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No end in sight for spiking prices? Enter the ‘peak inflation’ crowd

Gasoline prices hover around $4 a gallon for the least expensive grade at several gas stations in the nation's capital on April 11, 2022 in Washington, D.C. | Chip Somodevilla/Getty Images

Consumer prices have soared to their highest level in four decades, but if some of the world's largest banks are calling it right, the inflation fever that has gripped the country could be breaking.

In recent days, economic forecasters at Deutsche Bank, UBS and Bank of America, among others, have said that the March inflation number — an 8.5 percent surge over last year — may be the worst of it.

The predictions of “peak inflation” could comfort the White House, which has struggled under the political fallout of the consumer price hikes and faces the potential loss of Congress in this year’s elections. Republicans are trying to pin the dismal numbers on Democrats, and they may have a winning issue: Voters, whose paycheck gains are mostly being wiped out by inflation, have consistently told pollsters that price increases are a top concern and given President Joe Biden low marks for his handling of the economy.

Among the banks’ reasons for optimism: Used car prices, which propelled much of the inflation last year, have begun to fall. Supply chain snags should finally fade as the post-Covid economy develops, they say. And the Federal Reserve is poised to aggressively tackle the issue by jacking up interest rates in the coming months.

“Barring further severe disruptions, the March release is likely to be the peak in terms of year-over-year rates for both headline and core given that the base effects from last year's surge in used car prices will begin rolling off in the April data,” Deutsche Bank analysts wrote in a note to clients this week. Headline inflation refers to all price increases, while the core number excludes volatile food and energy costs.

Used pickup trucks for sale sit parked at Fitzgerald Auto Mall on April 12, 2022 in North Bethesda, Maryland. | Anna Moneymaker/Getty Images

Skeptics say we’ve seen this movie before. When inflation started raging last year, both Fed Chair Jerome Powell and Biden played down the phenomenon as “transitory.” That wasn’t the case.

The persistence of the virus pandemic, Russia’s shocking attack on Ukraine, and a still gaping mismatch between available workers and open jobs have continued to boost prices on everything from housing to food and fuel, stoking uncertainty about the future. Oil surged after the inflation numbers were released Tuesday, and housing costs haven’t even fully worked their way into the data.

“We have been at this juncture before where subtle shifts within the data make it appear that the level of inflation has reached its peak for the cycle only to keep marching higher," Charlie Ripley, senior investment strategist for Allianz Investment Management, wrote in a client note. "Going forward, the greater concern is really around how entrenched inflation has become as Americans continue to worry about rising prices."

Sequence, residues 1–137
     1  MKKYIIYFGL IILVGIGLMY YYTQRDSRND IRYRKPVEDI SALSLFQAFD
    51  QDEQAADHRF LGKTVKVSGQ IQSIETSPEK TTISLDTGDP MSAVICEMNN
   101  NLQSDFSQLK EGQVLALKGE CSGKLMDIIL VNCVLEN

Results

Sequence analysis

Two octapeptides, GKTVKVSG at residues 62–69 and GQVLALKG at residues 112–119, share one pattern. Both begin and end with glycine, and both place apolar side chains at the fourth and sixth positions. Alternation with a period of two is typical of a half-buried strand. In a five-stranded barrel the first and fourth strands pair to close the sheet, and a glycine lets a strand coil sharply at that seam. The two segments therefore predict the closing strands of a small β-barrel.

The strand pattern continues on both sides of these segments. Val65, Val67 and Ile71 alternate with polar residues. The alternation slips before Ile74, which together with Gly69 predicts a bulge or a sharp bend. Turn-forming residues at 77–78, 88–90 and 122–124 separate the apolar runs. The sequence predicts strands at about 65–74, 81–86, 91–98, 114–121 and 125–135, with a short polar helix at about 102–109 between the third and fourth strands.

The March figure was the highest since the early days of Ronald Reagan's administration when then-Fed Chair Paul Volcker and the central bank engaged in a scorched earth rate-hike campaign to break inflation during the oil-price shock years, even though it meant sparking a long, painful recession.

Today’s grim inflation numbers have Democrats and their interest groups and economists worried that ever-rising prices will cost them both houses of Congress. Some of them are blaming the problem on Russia, dubbing them “Putin’s price hikes” — even though inflation was rising well before the invasion of Ukraine — and talking up the strength of the U.S. economy.

“Despite these record-breaking economic gains and significant progress to address supply chain disruptions, Russia’s war against Ukraine pushed up prices on food and energy, which accounted for more than 75% of inflation in March,” Rep. Don Beyer (D-Va.), the chair of Congress’s Joint Economic Committee, said in a statement.

Despite the delicate mix of hopes and dreams that the peak inflation school is built on, it’s catching some fire on Wall Street, where no one wants the market party to come tumbling down as it did after the dot-com and housing bubbles popped, causing the last two significant recessions.

Swiss bank UBS analysts wrote: “Over a large part of the past year, UBS's inflation forecasts were well above consensus expectations on Wall Street. And so far, they’ve been right. Inflation data has repeatedly surprised to the upside, moving to highs many experts—including those at the Federal Reserve—simply weren’t predicting,” analysts recently noted.

But the giant bank added, “Now, UBS is calling its shot once again, arguing inflation will peak in March and move down ‘sharply’ from there as consumers shift their spending to services and used car prices, which have been sky-high throughout the pandemic, begin to drop.”

Said Bank of America: “With market expectations close to our view, the Fed could deliver on our projected path without surprising investors much.” It added, “[R]isks to our Fed forecast are tilted to the upside. If inflation looks like it is heading below 3 percent, then our current call should be hawkish enough.”

Beth Ann Bovino, chief U.S. economist at S&P Global, said the U.S. is "likely near or at the top of the price gains." But she added that the "Fed has its work cut out for them this year and next year to address inflation.”

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